In response to the religious argument, I have to say that a case can be made against indoctrination; unfortunately, this argument is probably worth another debate all together. But if you"re going to insist with this, I"ll go forth with it, too. For culture we have a problem of evidence again, because as far as my personal experience is concerned " and the experience of ALL my friends and acquaintances " cultural upbringing seems to be a near universal trend, regardless of the circumstance to which one was raised.
I’d like to thank Bob for his interesting rebuttals. They made me do even more research. In this round I’m going to defend against con’s rebuttals and show why homeschooling is superior to the public school system.
Homeschoolers performing better than public students
Con points out that the research I used only looks minimally at the conditions of the families. Conditions like race and income might explain a part of the performance gap between homeschoolers and the public school system, but not the entire gap. After all, homeschoolers perform on average a whole 34-39 percentile points higher. But let’s look at all of the factors to see if they might explain a part of the gap.
68% of the homeschoolers are white while 52% of the total students are white (1). Furthermore, white students perform better on the SAT than other races (2). In 2008-2009 the average SAT score of white student was 528 on reading, 536 on math and 517 on writing (2). In the same year the average homeschooler scored 550 on reading, 578 on math and 555 on writing (3). So the average homeschooler is still performing better than the average white public school student. This is evidence that race only doesn’t explain the entire gap.
Educational level of the parents
Con brought forth the hypothesis that the educational level of the parents might explain why homeschoolers are performing better than students from public schools. But the image above shows the parental education of the homeschoolers and all students. As you can see the parental education of the homeschoolers is roughly the same as those of the other students. Therefore the parental education can’t possibly be the reason homeschoolers are performing better than public school system.
Homeschooling provides a safe and free environment while public schools struggle with those
Con brought up the idea that bullying is part of life and that it might benefit children, because it helps the children cope with hurtful experiences. I don’t know what kind of rebuttal I was expecting, but I wasn’t expecting that. There are two things to mention about con’s point.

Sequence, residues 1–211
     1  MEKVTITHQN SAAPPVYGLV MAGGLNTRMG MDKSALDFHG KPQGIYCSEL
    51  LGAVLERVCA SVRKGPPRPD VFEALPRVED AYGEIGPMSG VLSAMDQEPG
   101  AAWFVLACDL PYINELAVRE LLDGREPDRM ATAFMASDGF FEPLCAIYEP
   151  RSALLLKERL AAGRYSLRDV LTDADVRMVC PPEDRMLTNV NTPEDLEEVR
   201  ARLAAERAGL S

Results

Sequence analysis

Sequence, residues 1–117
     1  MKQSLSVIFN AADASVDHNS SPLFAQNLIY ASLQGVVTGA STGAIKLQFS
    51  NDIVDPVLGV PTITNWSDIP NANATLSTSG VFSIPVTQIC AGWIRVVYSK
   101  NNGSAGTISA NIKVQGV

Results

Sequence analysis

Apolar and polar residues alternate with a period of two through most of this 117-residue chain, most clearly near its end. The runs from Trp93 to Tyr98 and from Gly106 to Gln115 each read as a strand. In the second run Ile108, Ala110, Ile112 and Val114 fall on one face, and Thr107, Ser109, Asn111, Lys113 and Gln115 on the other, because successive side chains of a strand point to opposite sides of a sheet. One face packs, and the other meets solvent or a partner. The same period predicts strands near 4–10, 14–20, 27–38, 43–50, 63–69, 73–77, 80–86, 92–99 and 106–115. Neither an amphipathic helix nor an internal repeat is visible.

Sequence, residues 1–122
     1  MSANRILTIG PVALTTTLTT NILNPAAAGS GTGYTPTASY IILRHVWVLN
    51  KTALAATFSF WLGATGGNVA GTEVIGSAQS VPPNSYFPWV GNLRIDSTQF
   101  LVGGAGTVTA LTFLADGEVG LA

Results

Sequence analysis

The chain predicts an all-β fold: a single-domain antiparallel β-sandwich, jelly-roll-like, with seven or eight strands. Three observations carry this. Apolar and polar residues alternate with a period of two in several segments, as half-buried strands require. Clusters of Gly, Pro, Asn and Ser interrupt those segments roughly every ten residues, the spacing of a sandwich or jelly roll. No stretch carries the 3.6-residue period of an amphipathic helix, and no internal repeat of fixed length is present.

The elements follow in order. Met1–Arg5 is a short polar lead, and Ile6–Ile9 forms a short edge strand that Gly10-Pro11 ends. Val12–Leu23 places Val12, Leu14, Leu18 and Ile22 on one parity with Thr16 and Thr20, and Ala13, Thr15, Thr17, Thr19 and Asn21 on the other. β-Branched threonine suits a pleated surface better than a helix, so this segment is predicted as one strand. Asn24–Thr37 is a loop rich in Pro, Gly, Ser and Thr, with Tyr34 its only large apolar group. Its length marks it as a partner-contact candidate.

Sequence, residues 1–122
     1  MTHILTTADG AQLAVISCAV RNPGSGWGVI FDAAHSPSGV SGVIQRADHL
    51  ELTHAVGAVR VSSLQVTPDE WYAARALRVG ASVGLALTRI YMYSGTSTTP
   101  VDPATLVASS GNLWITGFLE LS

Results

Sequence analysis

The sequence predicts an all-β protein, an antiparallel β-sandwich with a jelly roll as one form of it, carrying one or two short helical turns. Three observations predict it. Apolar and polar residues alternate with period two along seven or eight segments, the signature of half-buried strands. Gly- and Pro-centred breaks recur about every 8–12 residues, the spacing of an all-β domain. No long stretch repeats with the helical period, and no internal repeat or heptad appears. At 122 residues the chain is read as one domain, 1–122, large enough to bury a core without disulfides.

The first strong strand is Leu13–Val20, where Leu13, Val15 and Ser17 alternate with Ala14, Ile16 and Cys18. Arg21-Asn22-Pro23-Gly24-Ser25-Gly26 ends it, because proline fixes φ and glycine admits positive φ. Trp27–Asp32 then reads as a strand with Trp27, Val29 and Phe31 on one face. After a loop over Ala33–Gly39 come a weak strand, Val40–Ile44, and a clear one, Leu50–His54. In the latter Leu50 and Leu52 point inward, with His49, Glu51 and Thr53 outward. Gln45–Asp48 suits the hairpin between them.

First of all, the idea that bullying helps people to cope with hurtful experiences is highly theoretical. Con didn’t provide evidence of these advantages of bullying, so it’s uncertain if these advantages actually exist.
Second of all, it seems like this rebuttal has a lot of overlap with con’s argument about the social development of children. So my rebuttal of round 3 to the social development argument can also get used to defend against con’s claim that bullying might help children to cope with hurtful experiences. Over there I already showed that research suggests homeschoolers are socially slightly better developed than students from public schools. So they are also slightly better at coping with hurtful experiences.
Furthermore, when I argued homeschooling provides a safe and free environment I also brought up the increased freedom parents experience. They can go on vacations when they want, go on excursions with more ease, etc. Con didn’t rebut this point, so I consider it dropped.
Homeschooling strengthens the bonds between children and the family
Con points out I didn’t give evidence to back up my claim that homeschooling strengthens the bonds between children and the family. It’s very hard to prove something strengthens the bond between people, because there’s no such thing as a bond strength unit. So the best evidence is to show that the activities that are done during homeschooling overlap with activities that people believe strengthen the bonds between parents and children. I found a few things that seem to improve the bonds between parents and children (4):
1. Know what your child's favorite things are
2. Help them develop intellectually
The second part of con’s rebuttal is about religion. He points out I have little evidence to back up this argument, but just like with bonding, this is hard to prove. The best I can do to back this up is pointing out that many homeschooling families believe the freedom to teach their children their own religion is the number one reason they chose homeschooling (5).
In this debate I gave multiple reasons why homeschooling is superior over the public school system. These are:
For these reasons I urge the voters to vote pro.
With this I end my defenses and hand the debate back to con so he may provide his defenses.
In my final round, I will deconstruct pro’s principal arguments that homeschooling is definitively better than public schooling by addressing the soundness of the studies cited. Pro provided several graphs/illustrations showing that homeschooled kids are better off than public schooled kids. It is no accident, though, that the bulk of his claim comes from a single study, and from a single scholar. Lubienski (and fellow researchers) began by surveying claims made by homeschool advocacy groups, namely the National Home Education Research Institute (HSLDA). This institute funds agenda-driven research for homeschooling, which is directed by the National Home Education Research Institute’s, Brian D. Ray. He’s the one Pro has been citing throughout the debate. (1)
1. Do homeschooled kids achieve more academically/socially?